15. Dubernet, M., Ribéreau-Gayon, P., Lerner, H.R., Harel, E. and Mayer, A.M. (1977) Purification and properties of laccase from Botrytis cinerea. Phytochemistry, 16, 191–193.CrossRefGoogle Scholar
  16. Dubourdieu, D., Grassin, C, Deruche, C. and Ribereau-Gayon, P. (1984) Mise au point d’une mesure rapide de l’activite laccase dans les mouts et dans les vins par la methode a la syringaldazine. Application a l’appreciation de l’etat sanitaire des vendages. Conn. Vigne Vin, 18, 237–252.Google Scholar
  17. Ducruet, V. (1984) Comparison of the headspace volatiles of carbonic maceration and traditional wine. Lebensm. Wiss. Technol, 17, 217–221.Google Scholar
  18. Du Plessis, L. de (1963) Microbiology of South African winemaking. Part V. Vitamin and amino acid requirements of lactic acid bacteria from dry wines. S. Afr. J. Agric. Sci., 6, 485–494.Google Scholar
  19. Etievant, P., Schlich, P., Bertrand, A., Symonds, P. and Bouvier, J.-C. (1988) Varietal and geographic classification of French wines in terms of pigments and flavonoid compounds. J. Sci. Food Agric, 42, 39–54.CrossRefGoogle Scholar
  20. Flanzy, C, Flanzy, M. and Benard, P. (1987) La Vinification Par Maceration Carbonique. INRA, Paris, France.Google Scholar
  21. Fornachon, J.C.M. (1968) Influence of different yeasts on the growth of lactic acid bacteria In wine. J. Sci. Food Agric, 19, 374–378.CrossRefGoogle Scholar
  22. Fregoni, M., Perino, A. and Vercesi, A. (1993) Valutazione dell’infezione botritica su uve e su mosti mediante il test immunologico ELIS A. Vignevini, 20 (7–8), 67–74.Google Scholar
  23. Hebrero, E., Santos-Buegla, C. and Rivas-Gonzalo, J.C. (1988) HPLC — diode array spectroscopy identification of anthocyanins of Vitis vinifera variety Tempranillo. Am. J. Enol. Vitic, 39, 227–233.Google Scholar
  24. Kantz, K. and Singleton, V.L. (1990) Isolation and determination of polymeric polyphenols using Sephadex LH-20 and analysis of grape tissue extracts. Am. J. Enol. Vitic, 41, 223–228.Google Scholar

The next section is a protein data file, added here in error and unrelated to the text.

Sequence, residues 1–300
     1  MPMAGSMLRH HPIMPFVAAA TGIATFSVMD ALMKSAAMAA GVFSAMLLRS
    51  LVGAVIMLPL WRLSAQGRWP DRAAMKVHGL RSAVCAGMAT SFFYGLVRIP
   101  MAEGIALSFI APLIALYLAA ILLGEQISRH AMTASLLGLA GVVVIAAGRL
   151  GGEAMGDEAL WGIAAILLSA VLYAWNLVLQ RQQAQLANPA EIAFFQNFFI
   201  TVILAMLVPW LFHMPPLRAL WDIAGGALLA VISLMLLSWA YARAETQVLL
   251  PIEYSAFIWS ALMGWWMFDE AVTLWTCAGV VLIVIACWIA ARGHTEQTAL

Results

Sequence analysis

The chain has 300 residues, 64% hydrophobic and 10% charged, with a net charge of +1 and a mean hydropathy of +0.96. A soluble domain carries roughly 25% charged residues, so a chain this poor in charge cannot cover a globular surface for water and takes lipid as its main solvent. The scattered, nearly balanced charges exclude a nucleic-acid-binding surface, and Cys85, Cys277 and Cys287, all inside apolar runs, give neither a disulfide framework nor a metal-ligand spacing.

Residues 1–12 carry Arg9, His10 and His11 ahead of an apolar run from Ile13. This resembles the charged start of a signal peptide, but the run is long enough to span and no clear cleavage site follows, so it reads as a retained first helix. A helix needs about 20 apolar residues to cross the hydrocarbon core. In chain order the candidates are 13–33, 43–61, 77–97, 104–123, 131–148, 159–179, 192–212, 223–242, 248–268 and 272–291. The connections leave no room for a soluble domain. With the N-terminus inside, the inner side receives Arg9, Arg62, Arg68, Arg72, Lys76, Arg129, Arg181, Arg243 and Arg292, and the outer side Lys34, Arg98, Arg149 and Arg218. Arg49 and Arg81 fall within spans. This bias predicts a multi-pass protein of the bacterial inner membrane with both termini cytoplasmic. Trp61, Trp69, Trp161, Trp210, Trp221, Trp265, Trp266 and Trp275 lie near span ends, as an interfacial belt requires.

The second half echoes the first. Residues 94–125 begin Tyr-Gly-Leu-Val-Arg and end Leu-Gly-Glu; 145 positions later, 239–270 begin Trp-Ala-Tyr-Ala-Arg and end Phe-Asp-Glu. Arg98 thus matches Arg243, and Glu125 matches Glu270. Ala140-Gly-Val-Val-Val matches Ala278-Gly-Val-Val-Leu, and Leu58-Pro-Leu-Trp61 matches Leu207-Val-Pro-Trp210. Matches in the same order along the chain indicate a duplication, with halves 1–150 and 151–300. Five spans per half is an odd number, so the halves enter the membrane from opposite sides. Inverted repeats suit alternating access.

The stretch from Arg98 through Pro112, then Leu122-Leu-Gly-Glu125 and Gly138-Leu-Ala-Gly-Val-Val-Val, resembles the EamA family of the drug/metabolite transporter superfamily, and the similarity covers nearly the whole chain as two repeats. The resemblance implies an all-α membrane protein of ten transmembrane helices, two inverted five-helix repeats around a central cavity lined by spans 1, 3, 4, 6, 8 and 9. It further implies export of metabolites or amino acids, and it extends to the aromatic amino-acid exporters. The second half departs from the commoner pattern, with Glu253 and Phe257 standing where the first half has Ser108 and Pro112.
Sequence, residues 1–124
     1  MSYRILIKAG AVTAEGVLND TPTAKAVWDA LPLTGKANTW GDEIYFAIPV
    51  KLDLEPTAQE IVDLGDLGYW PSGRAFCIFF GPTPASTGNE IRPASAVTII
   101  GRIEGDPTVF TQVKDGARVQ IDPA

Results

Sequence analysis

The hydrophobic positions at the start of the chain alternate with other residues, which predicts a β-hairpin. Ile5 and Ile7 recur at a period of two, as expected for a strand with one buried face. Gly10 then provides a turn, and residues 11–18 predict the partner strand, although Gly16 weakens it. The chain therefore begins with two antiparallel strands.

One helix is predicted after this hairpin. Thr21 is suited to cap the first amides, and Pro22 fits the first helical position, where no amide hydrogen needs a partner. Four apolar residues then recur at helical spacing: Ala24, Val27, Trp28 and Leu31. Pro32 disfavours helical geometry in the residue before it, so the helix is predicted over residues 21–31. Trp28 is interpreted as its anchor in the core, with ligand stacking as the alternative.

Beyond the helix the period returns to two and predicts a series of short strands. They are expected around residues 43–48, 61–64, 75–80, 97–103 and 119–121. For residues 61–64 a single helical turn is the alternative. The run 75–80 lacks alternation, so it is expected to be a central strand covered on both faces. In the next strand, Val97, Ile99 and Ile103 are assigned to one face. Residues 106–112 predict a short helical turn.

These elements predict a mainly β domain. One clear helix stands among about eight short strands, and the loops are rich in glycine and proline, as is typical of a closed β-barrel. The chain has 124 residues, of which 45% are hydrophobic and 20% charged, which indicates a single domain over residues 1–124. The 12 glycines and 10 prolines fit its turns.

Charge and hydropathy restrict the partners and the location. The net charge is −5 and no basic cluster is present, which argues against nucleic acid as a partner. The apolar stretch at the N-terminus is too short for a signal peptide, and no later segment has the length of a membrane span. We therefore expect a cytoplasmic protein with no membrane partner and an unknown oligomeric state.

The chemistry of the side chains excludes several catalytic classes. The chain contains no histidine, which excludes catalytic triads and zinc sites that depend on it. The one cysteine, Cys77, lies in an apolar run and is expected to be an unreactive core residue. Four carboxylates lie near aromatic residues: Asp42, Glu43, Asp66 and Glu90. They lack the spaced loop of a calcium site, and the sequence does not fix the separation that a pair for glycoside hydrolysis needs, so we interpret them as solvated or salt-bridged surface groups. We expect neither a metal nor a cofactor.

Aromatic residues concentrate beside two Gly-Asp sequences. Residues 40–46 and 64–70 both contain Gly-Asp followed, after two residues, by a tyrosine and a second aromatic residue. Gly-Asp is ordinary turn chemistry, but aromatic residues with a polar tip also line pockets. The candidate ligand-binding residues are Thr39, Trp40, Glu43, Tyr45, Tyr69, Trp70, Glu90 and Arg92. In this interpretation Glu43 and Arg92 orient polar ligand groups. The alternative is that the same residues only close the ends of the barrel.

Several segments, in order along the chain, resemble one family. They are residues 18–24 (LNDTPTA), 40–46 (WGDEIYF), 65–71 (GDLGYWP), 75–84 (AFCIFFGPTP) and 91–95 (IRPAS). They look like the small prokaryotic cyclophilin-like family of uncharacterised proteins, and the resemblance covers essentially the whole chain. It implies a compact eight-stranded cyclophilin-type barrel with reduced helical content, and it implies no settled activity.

25. King, S.W. (1986) Recent developments of industrial malolactic starter cultures for the wine industry. Devel. Environ. Microbiol., 26, 311–321.Google Scholar
  26. King, S.W. and Beelman, R.B. (1986) Metabolic interactions between Saccharomyces cerevisiae and Leuconostoc oenos in a model grape juice/wine system. Am. J. Enol. Vitic, 37, 53–60.Google Scholar
  27. Krieger, S.A., Hammes, W.P. and Henick-Kling, T. (1993) How to use malolactic starter cultures in the winery. Aust. N.Z. Wine Ind. J., 8, 154–160.Google Scholar
  28. Lay, H. and Draeger, U. (1991) Profiles of pigments from different red wines. Vitic. Enol. Sci., 46, 48–57.Google Scholar
  29. Llauberes, R.M. (1990) Structure of an extracellular β D-glucan from Pediococcus sp., a wine lactic bacteria. Carbohydr. Res., 203, 103–107.CrossRefGoogle Scholar
  30. Llauberes, R.-M., Dubourdieu, D. and Villettaz, J.-C. (1987) Exocellullar polysaccharides from Saccharomyces in wine. J. Sci. Food Agric., 41, 277–286.CrossRefGoogle Scholar
  31. McCord, J.D. and Ryu, D.D.Y. (1985) Development of malolactic fermentation process using immobilized whole cells and enzymes. Am. J. Enol. Vitic., 36, 214–218.Google Scholar
  32. Nagel, C.W. and Wulf, L.W. (1979) Changes in the anthocyanins, flavonoids and hydroxycinnamate acid esters during the fermentation and aging of Merlot and Cabernet Sauvignon. Am. J. Enol. Vitic, 30, 111–116.Google Scholar
  33. Oszmianski, J. and Sapis, J.C. (1989) Fractionation and identification of some low molecular weight grape seed phenolics. J. Agric. Food Chem., 37, 1293–1297.CrossRefGoogle Scholar
  34. Ough, C.S. (1983) Dimethyl dicarbonate and diethyl dicarbonate. In: Antimicrobials in Foods. (eds) Branen, A.L. and Davidson, P.M. Marcel Decker, New York, pp. 299–325.Google Scholar
  35. Peterson, R.G. (1976) Formation of reduced pressure in barrels during wine aging. Am. J. Enol. Vitic, 27, 80–81.Google Scholar
  36. Peyron, D. and Feuillat, M. (1985) Essais comparatifs de coves d’automaceration en Bourgogne. Rev. d’Oenol., 38, 7–10.Google Scholar